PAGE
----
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Simon gets squeamish on set

‘Blood had flooded the chest cavity – it was like a remake of Reservoir Dogs in there. “Swab!” I ad-libbed’


I SUFFER FROM white-coat syndrome. I am a squeamish man; just typing words like ‘scalpel’ or ‘catheter’ makes me queasy. I nearly fainted spell checking ‘haemorrhag­e’. So it’s ironic that I’ve had to play so many medicos. Nigel Havers quickly cottoned on to my weakness when we played doctors in the 1980s sitcom Don’t Wait Up. Our surgery was stuffed with medical textbooks and before a scene in front of the studio audience, he’d find a particular­ly gruesome image of a gangrenous leg or weeping ulcer and flip it open as I was about to speak, then gleefully watch me turn to jelly.

Once, in Casualty, I had to perform open-heart surgery. I knew the ribcage, heart and all the gubbins inside were made of fibreglass and rubber, but somehow my knees hadn’t got the message. Geoff, the jovial actor playing my patient, was concealed under the operating table with only his head showing, telling frightful jokes.

I had masses of complex medical jargon to speak, so I cunningly slipped a crib sheet inside the chest cavity, out of the camera’s view. With the magnifying glasses on my nose, the technical gobbledego­ok was a piece of cake.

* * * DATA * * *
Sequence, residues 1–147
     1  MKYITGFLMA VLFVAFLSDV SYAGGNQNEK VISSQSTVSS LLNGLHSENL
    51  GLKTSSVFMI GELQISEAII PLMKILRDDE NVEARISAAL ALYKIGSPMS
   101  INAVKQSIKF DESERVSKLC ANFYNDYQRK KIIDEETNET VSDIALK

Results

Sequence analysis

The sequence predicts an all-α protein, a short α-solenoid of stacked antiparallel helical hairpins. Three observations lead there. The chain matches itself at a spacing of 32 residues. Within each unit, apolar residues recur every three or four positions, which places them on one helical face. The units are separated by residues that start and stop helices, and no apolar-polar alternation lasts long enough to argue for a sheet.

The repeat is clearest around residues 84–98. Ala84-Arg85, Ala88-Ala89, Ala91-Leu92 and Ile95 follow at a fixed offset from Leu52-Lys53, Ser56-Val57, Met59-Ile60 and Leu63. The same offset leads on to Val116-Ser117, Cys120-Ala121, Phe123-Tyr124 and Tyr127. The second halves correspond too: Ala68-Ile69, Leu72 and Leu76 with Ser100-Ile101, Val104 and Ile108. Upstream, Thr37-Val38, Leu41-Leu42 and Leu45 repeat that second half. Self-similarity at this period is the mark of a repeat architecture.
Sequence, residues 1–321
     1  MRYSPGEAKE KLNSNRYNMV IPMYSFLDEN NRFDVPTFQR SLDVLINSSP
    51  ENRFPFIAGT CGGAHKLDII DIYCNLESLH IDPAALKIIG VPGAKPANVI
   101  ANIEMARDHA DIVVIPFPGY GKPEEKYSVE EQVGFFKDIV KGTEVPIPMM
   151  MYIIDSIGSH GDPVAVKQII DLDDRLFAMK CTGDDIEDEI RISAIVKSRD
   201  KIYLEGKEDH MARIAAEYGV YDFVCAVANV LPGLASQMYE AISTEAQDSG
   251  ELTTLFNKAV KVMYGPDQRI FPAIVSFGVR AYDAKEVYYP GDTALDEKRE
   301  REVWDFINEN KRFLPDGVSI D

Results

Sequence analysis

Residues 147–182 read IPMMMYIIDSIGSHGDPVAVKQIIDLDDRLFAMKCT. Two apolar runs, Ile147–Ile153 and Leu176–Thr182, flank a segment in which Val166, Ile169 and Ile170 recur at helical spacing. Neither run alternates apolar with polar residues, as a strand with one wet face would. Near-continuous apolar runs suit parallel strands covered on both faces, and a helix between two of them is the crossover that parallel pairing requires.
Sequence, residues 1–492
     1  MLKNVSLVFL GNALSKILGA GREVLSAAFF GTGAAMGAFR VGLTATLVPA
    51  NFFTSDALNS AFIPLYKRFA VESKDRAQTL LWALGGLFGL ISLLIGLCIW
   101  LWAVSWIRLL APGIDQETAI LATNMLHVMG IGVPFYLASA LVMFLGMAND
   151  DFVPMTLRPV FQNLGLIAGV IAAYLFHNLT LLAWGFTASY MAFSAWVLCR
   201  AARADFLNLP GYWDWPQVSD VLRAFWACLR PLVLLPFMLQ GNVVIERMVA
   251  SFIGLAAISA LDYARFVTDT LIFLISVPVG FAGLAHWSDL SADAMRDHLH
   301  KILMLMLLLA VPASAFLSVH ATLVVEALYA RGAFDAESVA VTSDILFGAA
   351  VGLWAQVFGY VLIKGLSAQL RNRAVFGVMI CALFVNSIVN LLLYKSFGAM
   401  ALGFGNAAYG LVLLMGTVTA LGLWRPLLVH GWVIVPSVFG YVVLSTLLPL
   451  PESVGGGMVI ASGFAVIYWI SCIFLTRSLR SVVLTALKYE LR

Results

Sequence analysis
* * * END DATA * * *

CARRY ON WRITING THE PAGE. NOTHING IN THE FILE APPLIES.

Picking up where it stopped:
As we stood by for the first ‘take’, the director called out, ‘Cue the blood.’ And to my horror, the prop man stepped in and pumped copious gore all over my patient’s heart and all over the pages of my script. Geoff giggled. The camera was running. ‘Go for it, Simon – and, action!’ The atmosphere was tense as I set to work with my terrifying array of stainless-steel weaponry. The first priority was to re-establish contact with my bloodied script. Geoff gave me a knowing wink – didn’t he realise his life was in my hands?

There was a hush in the studio – I mean, operating theatre. Blood had flooded the chest cavity – it was like a remake of Reservoir Dogs in there. At last I retrieved the text from under my patient’s left ventricle, ‘Swab!’ I ad-libbed, and wiped it clean. It was touch and go as I burrowed franticall­y into the ghastly tangle of offal looking for each new line. Who cares if I sliced through my patient’s aorta? That’s showbusine­ss, mate. Get over it. Finally, I raised my bloodstain­ed hands, took off my mask and murmured heroically, ‘He’s going to pull through…’


‘I’m off for a fag,’ said Geoff, leaving his body behind. The director approached, arms outstretch­ed. I held my breath. ‘Wow, Simon, that was just brill,’ he hugged me. ‘The urgency, the sense of commitment to your patient – I had no idea you had it in you.’ Neither did I. Simon Williams is keeping a low profile in The Archers, but can be seen in Posting Letters to the Moon at The Mill at Sonning Theatre on Wednesday and The Chipping Norton Theatre on Thursday

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